New London in New London County, Connecticut — The American Northeast (New England)
World War II ended in 1945 with the surrender of Germany and Japan, but it was an uneasy peace that followed. Although the U.S.S.R. had been America’s ally during the war, after the war, the Soviet Union asserted control over eastern Europe, forming a communist bloc of nations hostile to the United States and western Europe. In the postwar years the United States and the Soviet Union emerged as the dominant world powers, locked in a philosophical conflict between democracy and communism. An arms buildup on both sides intensified the friction. This period of political hostility and military rivalry, which lasted several decades, is known as the cold war.
In this climate of tension with the Soviet Union, the U.S. Navy Underwater Sound Laboratory continued to conduct vital research, as it had during World War II. This research led to major advances in the ability to detect, track, and attack enemy submarines. The lab also developed increasingly sophisticated submarine communications technology.
The introduction of nuclear submarines and guided missiles into the military arsenal presented new challenges. The lab pursued ways to detect enemy submarines from greater distances, which required finding methods to reduce the obstruction of sound waves by the oceans’ thermal layers. This led to a long-term project called AMOS (Acoustic,
Among its accomplishments in the field of electromagnetics, the lab played a crucial role in developing the navy’s extremely low frequency (ELF) communications system, which allows submerged submarines to receive messages. Unlike other radio waves, extremely low frequency waves can travel through the ocean to depths of several hundred feet. The lab also conducted high-level research in periscope technology, developing periscopes that incorporated cameras and high-tech antennas.
The lab at Fort Trumbull underwent various official name changes over the decades, but it was always known locally as the “Sound Lab.” In the 1990s the United States scaled back the military, after the breakup of the Soviet Union. The navy closed its lab here in the late 1990s and transferred all its operations to the Naval Undersea Warfare Center in Newport, Rhode Island.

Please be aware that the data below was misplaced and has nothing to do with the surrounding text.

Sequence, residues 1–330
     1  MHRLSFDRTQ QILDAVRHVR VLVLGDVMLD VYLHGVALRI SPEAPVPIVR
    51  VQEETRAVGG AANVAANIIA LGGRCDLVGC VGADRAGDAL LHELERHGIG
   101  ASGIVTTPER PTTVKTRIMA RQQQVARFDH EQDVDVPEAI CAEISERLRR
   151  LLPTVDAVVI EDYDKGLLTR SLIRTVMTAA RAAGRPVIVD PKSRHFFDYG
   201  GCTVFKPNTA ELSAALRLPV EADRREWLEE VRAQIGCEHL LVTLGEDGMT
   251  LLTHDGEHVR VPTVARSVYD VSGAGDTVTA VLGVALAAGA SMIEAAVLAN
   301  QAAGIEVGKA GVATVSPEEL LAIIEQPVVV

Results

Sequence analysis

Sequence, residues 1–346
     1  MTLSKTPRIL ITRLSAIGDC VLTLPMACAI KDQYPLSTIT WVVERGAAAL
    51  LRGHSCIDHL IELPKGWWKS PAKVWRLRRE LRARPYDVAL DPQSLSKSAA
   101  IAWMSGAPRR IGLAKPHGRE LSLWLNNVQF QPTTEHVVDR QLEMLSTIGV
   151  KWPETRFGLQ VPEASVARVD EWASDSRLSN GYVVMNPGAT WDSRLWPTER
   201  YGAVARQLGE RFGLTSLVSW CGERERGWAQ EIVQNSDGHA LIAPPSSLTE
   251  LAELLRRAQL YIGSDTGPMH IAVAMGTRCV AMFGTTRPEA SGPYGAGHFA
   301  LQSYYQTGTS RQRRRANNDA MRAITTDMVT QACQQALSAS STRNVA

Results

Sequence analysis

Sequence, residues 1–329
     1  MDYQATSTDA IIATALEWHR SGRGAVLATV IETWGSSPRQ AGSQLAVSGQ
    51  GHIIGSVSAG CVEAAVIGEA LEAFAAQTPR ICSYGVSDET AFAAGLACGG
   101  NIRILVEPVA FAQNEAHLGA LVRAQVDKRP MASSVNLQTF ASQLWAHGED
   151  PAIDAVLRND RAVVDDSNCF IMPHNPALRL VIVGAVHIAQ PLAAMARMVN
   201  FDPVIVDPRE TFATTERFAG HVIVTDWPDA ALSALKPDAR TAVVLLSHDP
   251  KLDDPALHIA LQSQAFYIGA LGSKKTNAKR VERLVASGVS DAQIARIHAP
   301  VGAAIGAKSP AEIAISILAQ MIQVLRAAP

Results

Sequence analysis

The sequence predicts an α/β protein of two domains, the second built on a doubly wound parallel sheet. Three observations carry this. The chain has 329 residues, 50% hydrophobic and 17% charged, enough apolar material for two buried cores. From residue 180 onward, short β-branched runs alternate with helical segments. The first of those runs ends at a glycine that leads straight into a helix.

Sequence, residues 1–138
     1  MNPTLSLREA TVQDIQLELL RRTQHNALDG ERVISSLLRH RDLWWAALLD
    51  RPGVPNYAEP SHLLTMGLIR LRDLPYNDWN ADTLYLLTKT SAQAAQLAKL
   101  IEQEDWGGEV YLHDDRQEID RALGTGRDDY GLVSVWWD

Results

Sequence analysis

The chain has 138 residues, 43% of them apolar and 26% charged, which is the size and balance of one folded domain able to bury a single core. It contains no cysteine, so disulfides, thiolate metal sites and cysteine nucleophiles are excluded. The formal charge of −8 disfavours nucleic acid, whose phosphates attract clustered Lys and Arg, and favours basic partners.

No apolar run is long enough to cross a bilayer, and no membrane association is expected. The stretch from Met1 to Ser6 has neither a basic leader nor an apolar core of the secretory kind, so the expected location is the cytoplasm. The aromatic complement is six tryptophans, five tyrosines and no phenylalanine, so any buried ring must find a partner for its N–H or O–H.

Erected by Fort Trumbull State Park.
Location. 41° 20.628′ N, 72° 5.595′ W. Marker is in New London, Connecticut, in New London County. Marker can be reached from East Street, on the left Touch for map. Marker is located inside the fort at Fort Trumbull State Park. Marker is in this post office area: New London CT 06320, United States of America.
Other nearby markers. At least 8 other markers are within walking distance of this marker. Scientific Research (here, next to this marker); Merchant Marine (a few steps from this marker); a different marker also named Scientific Research (a few steps from this marker); “Aim, Load, Fire” (a few steps from this marker); Fort Trumbull (within shouting distance of this marker); Post Civil War to 1910 (within shouting distance of this marker); Coast Guard (within shouting distance of this marker); Civil War (within shouting distance of this marker). Touch for a list and map of all markers in New London.
More about this marker. Two photographs appear at the bottom of the marker. The one on the left has a caption of “In this 1973 photo, a Sound Lab scientist stands next to an early UNIVAC computer, which was the latest in computer technology at the time.” To the right is a picture with the caption “A Sound Lab engineer holds a T-616 SRT Buoy in the late 1960s. A submarine could launch the buoy in an emergency. The buoy would rise to the surface and transmit and SOS signal.”
Also see . . . History of Fort Trumbull. Friends of Fort Trumbull. (Submitted on October 16, 2011, by Bill Coughlin of North Arlington, New Jersey.)
Categories. • Science & Medicine • War, Cold •
Credits. This page was last revised on June 16, 2016. This page originally submitted on October 16, 2011, by Bill Coughlin of North Arlington, New Jersey. This page has been viewed 560 times since then and 2 times this year. Photos: 1, 2, 3, 4. submitted on October 16, 2011, by Bill Coughlin of North Arlington, New Jersey.